Ever thought of combining a hamster running maze with littlebits modules? Why not? They make for a perfect candy machine:)
The following bits were used in the project: power module+wire+button+wire+servo
The button is the control input for the servo's position. When it is pressed the servo moves its crossed horn to open the hole for the candy in the top compartment to fall through. The button is easily accessed by being mounted on the outside of the hamster maze. All the remaining modules fit snuggly inside.
Sugru, the mouldable glue that turns into rubber, was used to hold the servo in place. Sugru was also used to close the gap between the candy compartment and the rest of the maze.
One of the hardest questions to answer in this project was how the candy machine should look. We went from evaluating numerous designs to decide on the hamster maze. We thought it to be the most colourful, creative and unexpected medium to use.
: Choosing the tech
After evaluating the benefits and limitations of using an Arduino-controlled servo, we decided to go with the Littlebits modules for the project. The ease of use and simplicity in design have been the deciding factors.
: Assembling the hamster maze
Next step was to assemble the configuration of the maze and visualize the possible location for the tech inside it.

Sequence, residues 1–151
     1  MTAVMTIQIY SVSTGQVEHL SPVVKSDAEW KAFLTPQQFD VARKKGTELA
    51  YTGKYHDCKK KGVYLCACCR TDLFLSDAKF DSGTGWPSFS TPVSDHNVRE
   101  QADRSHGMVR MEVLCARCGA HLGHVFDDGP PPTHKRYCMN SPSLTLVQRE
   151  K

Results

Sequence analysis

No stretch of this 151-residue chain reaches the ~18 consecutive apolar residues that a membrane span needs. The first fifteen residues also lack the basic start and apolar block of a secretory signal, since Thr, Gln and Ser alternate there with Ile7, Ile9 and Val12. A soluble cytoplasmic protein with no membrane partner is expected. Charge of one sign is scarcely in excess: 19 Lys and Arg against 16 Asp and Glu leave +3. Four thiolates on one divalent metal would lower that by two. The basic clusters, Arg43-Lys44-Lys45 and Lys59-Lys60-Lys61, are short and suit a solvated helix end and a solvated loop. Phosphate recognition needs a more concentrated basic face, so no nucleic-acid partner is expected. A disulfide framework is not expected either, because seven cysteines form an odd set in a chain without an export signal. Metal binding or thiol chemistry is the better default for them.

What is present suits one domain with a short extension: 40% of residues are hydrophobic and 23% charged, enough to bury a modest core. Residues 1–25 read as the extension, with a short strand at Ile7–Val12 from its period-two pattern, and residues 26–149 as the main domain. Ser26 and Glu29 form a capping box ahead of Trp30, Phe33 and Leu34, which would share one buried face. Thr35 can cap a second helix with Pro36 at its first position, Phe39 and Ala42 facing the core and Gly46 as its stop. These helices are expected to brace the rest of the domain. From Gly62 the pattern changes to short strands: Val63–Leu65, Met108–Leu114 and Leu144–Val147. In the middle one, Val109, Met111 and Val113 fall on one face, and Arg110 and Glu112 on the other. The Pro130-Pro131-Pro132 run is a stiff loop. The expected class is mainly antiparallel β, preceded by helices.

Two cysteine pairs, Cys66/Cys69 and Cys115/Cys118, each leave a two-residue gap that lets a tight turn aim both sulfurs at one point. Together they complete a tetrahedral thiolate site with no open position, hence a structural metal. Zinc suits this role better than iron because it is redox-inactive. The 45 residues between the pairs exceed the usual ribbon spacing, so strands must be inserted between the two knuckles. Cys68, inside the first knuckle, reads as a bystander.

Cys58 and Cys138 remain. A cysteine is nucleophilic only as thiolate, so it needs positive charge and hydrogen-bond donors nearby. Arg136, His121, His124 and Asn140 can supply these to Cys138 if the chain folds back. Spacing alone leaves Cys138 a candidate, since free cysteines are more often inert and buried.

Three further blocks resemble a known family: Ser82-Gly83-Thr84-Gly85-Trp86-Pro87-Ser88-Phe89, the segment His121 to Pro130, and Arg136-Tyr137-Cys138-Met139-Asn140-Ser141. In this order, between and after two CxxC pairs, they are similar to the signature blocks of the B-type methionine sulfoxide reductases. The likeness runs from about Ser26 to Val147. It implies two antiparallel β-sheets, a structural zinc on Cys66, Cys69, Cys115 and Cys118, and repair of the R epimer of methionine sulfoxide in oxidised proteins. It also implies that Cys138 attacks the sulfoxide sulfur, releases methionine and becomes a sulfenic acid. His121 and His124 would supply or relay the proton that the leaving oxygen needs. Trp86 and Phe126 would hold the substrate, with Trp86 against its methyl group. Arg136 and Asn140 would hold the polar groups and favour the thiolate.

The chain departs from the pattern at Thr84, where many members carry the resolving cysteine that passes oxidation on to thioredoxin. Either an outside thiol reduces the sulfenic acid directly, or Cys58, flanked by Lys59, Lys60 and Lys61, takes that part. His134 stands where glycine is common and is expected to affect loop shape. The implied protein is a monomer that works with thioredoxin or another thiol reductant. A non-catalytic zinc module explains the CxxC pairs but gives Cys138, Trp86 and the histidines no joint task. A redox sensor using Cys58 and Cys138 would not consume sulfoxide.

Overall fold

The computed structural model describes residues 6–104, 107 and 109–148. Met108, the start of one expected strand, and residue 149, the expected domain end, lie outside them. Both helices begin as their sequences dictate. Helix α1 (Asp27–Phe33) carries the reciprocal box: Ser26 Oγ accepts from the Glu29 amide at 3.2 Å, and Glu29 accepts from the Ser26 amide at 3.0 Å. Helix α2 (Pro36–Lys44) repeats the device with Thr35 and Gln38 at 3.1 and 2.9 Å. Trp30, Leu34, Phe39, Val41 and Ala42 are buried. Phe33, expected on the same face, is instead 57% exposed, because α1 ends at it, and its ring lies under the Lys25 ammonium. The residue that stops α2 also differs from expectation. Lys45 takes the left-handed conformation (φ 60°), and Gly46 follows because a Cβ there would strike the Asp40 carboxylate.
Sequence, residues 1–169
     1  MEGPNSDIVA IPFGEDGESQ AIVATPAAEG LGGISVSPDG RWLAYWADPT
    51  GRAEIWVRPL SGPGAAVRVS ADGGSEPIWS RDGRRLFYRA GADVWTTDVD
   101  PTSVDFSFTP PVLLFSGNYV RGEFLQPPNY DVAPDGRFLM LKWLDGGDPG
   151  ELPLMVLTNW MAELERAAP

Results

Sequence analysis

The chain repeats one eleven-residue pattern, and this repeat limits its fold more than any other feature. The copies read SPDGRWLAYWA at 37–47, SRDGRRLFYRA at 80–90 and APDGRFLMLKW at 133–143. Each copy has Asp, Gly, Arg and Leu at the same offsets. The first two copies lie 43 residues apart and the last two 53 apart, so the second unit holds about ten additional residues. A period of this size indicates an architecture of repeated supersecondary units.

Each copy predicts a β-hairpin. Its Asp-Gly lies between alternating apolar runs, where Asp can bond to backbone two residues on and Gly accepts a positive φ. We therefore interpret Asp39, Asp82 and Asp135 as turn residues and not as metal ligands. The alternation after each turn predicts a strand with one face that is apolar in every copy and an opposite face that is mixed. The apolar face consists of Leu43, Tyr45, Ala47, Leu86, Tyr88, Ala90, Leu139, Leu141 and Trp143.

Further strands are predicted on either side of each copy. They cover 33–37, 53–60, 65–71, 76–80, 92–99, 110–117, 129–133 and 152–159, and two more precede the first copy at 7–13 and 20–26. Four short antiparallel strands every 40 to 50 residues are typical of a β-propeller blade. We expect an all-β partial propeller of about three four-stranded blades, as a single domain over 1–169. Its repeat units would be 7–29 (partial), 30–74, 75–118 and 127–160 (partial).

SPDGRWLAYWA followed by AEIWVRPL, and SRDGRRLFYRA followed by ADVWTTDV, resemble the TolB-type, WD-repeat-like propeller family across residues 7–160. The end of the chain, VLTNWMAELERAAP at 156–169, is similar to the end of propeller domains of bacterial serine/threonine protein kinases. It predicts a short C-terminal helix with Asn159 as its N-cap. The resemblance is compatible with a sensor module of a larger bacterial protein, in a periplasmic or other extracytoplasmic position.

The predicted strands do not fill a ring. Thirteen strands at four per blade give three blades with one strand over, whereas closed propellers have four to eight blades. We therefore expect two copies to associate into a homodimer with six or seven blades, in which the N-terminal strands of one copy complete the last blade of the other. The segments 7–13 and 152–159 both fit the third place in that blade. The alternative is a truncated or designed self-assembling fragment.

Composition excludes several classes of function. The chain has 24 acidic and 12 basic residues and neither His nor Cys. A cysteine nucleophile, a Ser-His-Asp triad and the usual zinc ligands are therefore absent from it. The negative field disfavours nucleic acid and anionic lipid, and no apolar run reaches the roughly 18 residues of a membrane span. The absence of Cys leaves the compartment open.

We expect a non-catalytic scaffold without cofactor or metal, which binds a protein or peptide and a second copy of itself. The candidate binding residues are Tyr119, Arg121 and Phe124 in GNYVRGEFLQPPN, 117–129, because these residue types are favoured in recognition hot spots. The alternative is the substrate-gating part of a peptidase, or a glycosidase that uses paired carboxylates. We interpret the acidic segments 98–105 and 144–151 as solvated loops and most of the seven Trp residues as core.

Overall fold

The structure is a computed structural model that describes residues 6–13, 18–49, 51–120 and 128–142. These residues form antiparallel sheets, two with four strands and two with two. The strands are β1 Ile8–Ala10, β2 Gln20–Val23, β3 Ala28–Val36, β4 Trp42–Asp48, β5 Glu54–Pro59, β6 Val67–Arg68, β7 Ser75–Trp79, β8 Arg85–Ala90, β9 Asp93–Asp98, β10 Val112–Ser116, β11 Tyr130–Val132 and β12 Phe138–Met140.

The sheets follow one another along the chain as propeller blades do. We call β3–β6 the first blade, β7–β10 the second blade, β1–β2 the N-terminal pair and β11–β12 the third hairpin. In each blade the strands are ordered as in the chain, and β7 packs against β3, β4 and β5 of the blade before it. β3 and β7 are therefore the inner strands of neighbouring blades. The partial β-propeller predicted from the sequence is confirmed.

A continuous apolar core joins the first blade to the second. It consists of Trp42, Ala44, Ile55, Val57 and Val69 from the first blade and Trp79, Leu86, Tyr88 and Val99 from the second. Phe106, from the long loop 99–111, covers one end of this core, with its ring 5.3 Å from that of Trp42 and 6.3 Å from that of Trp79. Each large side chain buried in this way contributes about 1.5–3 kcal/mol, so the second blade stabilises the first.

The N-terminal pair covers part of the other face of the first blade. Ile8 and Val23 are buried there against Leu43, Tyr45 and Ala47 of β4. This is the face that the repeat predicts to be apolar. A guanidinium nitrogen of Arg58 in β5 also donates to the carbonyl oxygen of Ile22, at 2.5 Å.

: Separate the candy compartment from the rest
Using soft plywood, we have cut out the hole, which separates the candy compartment from the rest of the maze and glued it to the walls of the hamster cage using Sugru. Note: Sugru is mouldable for approximately half hour, after which it requires 24 hours to harden.
: The servo positioning
The picture describes the mounting of the servo to the walls of the hamster cage using Sugru. As you can see, the servo was being held in place at the bottom by gluing the top of the plastic strip to the maze support.
: Test phase
Does is work? Does it hold? Does it let candy through? What is the smallest and the largest candy size which can pass through the hole?
: The education Bit
Now we get to explore the technology behind the candy machine, find out how to create a circuit, learn about electricity, electron movement, inputs/outputs and, of course, eat a lot of candy. The best science is sweet science.